“As a federal congressman, I would do everything possible to restrict those trips,” said Rivera, adding that Castro’s government has been making money off those trips since the Obama administration eased travel restrictions. “I don’t see a reason why people come to the U.S., fleeing political persecution in Cuba, and after a year and a day they are immediately expressing the desire to go back to that same tyranny — which they said they were fleeing from in the island, to come to the United States and seek political asylum.
“So I think there is a lot of abuse. I think we should limit-eliminate that abuse in those trips ... I don’t think there was any reason to give unilateral concessions,” Rivera said.
When asked why Cuba remains an issue in this campaign, Garcia and Rivera also had differing views.
“The topic of Cuba has been a very important issue, not only for decades, but especially at this moment with what’s happening with the tyranny of Castro. The developments and occurrences in Cuba are very important issues to some voters,” Rivera said. “That’s why you hear a lot about it in the press, from the candidates and from elected officials, because we are responding to interests and concerns of the voters.”
Rivera went on to dismiss the notion that Cuba has been used as a tool by politicians.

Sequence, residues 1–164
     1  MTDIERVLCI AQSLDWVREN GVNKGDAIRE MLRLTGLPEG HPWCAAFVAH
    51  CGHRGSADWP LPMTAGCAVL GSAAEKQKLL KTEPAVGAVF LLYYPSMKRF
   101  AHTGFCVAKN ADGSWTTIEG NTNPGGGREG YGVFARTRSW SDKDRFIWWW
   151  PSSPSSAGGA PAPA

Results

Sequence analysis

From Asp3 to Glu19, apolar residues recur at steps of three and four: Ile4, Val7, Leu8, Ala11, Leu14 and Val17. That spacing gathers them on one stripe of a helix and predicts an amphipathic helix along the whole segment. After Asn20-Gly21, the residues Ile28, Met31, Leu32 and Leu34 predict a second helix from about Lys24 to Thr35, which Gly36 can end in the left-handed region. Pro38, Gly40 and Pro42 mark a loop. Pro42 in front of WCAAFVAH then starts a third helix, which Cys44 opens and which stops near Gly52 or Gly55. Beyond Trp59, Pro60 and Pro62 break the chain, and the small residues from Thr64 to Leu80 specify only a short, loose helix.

“Actually, reporters ask a lot about Cuba. It’s not necessarily candidates using Cuba as a tool. That’s an important issue. You keep asking me about it, obviously you understand it’s an important issue,” he said. “So if you are going to ask about it then you can’t criticize candidates for talking about it. It’s an important issue for voters.”
For his part, Garcia said the fact Cuba has been brought up in the race is typical Miami politics.
“While Cuba may be important, what is also important is that we focus in on things that help the people of the 25th (district),” he said. “It is tremendously important that what we are doing is focusing in on how to expand work, make sure that the economy grows, make sure schools work to make sure that businesses stay here and we can have a better life ... Very little of that has anything to do what with happens in Cuba.”
Nevertheless, Garcia said his position toward Cuba has always been to be tough and principled with the dictatorship.
“We need to do things that oppose the dictatorship, but help the Cuban people,” said Garcia, who supports the Obama administration’s approach to Cuba.
He added that the America needs to be forward thinking, and that the policy toward Cuba must not become the be-all end-all for of the U.S.’s Latin America policies.